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Krushchev granddaughter’s China tour stops in Beijing.

Jaguars and ocelots and crocs, oh my!

Laowai quests for king of bing.

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An avantgarde invasion The Suffolk Bunny (right) is one of the pieces on display at “Aftershock,” a collection of British contemporary artwork showcasing pieces made between 1990-2006. The sculpture was crafted by Sarah Lucas, a contemporary artist, out of tan and blue nylons, a chair, a clamp, a kapok and wire. The collection opened Tuesday in Beijing’s Capital Museum and will display works specially selected for Chinese audiences until May 11. Page 12

Central ministries to move to former site of steel plant Page 2

Great Wall face-lift forces vendors to Page 4 vacate Should a controversial former world champion be forgiven? Page 7

FRIDAY MARCH 23–29, 2007 NO. 303 CN11-0120 HTTP://BJTODAY.YNET.COM


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Novel ideas for holding your compact novelties. Page 18

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March 23 2007



Central ministries to move to former site of steel plant By Chen Shasha Some central ministries will move to the former site of the Capital Iron and Steel Company (CISC) after it moves to Tangshan, Zhou Maofei, chief executive of Shijingshan District, said Wednesday. After the company’s relocation, Shijingshan District, where the CISC is currently located, aims to build an ecological district, Zhou said. He said that the dis-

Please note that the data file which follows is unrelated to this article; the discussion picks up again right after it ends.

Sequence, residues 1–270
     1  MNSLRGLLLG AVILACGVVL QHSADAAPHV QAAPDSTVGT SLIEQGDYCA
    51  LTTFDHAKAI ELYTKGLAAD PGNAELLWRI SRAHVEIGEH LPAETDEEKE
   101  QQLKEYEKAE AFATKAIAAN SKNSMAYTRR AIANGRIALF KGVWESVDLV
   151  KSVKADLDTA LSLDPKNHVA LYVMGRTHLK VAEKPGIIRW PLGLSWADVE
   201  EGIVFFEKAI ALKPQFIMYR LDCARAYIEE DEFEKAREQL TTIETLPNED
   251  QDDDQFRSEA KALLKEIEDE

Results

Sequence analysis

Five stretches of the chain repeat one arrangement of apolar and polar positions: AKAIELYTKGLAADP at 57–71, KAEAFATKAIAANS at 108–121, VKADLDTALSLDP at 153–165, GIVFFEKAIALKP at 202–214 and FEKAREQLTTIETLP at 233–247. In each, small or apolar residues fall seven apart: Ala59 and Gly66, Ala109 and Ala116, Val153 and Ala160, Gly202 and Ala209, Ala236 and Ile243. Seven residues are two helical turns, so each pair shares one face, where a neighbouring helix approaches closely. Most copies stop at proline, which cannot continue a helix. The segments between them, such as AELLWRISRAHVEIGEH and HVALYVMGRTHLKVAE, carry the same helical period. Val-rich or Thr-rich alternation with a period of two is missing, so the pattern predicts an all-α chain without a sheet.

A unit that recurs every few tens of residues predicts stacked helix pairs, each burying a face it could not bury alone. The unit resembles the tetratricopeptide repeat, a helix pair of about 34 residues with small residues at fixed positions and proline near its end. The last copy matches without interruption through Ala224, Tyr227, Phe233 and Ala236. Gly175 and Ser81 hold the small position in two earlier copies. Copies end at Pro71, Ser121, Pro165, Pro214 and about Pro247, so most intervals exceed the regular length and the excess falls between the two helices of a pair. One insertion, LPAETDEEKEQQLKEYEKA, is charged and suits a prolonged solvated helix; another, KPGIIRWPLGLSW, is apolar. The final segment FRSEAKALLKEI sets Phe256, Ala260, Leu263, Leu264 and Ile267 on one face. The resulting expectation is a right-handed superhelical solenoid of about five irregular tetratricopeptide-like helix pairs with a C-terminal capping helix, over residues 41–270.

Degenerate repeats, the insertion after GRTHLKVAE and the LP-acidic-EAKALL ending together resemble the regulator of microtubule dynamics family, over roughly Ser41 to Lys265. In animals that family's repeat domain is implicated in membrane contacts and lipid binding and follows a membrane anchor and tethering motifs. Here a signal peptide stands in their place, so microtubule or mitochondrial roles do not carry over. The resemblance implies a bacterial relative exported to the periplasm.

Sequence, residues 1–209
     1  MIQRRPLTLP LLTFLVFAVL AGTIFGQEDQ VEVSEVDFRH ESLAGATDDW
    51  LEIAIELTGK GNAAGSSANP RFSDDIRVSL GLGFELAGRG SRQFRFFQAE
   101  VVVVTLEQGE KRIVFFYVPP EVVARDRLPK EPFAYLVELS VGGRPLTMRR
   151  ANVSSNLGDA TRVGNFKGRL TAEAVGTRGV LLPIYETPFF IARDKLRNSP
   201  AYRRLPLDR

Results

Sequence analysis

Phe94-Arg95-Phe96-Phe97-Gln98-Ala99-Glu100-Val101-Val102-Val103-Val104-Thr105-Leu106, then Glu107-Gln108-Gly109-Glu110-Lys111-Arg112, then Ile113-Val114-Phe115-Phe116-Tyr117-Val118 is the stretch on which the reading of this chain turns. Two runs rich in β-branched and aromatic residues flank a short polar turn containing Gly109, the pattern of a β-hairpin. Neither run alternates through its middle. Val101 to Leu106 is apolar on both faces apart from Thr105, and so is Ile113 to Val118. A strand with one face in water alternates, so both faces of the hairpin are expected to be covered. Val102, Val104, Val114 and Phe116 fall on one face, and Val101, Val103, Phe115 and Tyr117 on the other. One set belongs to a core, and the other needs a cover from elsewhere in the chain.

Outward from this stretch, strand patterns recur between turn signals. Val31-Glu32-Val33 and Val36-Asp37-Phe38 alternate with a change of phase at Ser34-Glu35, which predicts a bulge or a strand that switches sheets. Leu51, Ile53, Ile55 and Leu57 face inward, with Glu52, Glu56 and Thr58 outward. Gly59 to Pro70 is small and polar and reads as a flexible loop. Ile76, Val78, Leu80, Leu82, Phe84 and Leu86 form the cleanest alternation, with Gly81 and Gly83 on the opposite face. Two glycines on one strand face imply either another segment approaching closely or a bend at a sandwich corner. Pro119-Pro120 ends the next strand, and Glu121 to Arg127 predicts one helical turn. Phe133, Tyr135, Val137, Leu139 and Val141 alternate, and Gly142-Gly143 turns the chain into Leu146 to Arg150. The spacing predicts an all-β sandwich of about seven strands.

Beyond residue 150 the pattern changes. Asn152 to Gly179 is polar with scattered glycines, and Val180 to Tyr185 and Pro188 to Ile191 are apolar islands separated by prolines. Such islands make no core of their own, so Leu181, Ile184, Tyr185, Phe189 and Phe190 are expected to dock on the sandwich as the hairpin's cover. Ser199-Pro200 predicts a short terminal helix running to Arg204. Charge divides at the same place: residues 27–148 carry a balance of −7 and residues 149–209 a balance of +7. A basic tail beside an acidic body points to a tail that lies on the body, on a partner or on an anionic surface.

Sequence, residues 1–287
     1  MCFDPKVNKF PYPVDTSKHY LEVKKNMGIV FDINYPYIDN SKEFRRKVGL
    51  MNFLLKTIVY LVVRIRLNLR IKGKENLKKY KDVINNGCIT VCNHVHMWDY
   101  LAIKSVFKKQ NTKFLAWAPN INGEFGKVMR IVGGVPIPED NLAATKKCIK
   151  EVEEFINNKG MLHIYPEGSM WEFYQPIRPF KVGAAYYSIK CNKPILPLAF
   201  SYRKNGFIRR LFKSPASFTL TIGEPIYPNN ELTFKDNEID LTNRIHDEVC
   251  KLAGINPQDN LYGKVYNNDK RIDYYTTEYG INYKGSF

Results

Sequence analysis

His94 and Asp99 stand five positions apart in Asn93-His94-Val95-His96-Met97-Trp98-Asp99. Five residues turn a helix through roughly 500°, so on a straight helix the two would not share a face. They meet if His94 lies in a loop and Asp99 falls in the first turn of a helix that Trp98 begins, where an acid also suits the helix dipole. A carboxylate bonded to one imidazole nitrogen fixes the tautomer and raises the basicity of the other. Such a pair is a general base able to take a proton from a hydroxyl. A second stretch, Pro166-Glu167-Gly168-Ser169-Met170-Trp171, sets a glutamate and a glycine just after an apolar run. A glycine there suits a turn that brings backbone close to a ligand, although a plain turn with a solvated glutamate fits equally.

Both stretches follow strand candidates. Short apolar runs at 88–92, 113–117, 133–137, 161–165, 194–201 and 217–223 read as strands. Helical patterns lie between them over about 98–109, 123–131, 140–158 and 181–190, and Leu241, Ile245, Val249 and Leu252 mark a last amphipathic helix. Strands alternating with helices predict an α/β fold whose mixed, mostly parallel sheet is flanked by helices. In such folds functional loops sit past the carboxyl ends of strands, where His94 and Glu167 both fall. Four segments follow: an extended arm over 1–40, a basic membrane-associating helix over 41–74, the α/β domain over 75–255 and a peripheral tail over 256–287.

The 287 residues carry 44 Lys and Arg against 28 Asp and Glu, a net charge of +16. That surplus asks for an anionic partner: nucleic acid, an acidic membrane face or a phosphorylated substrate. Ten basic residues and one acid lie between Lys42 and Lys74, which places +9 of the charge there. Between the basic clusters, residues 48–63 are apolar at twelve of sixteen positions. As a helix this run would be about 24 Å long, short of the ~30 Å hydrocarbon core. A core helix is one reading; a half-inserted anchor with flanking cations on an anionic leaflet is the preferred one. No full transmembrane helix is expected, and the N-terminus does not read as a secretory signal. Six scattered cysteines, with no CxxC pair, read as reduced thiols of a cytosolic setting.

trict government plans to make the service industry account for 60 percent of total business over the next five years. The creative culture and tourism industries will be highly developed. An office area for central ministries will be built at the former site of CISC. The office area will go from Shijingshan District to Mentougou District along Xi Changan Jie, with a total area of one square kilometer.

The development of commercial housing will be restricted in the district according to the new plan. Zhou said that the district would mainly build housing for middle-class and upper income groups in the future and also focus on economical and suitable housing for local people. Founded in 1919, CISC, China’s fourth largest steel maker, has long been a cause of pollution concerns. In 2001, sev-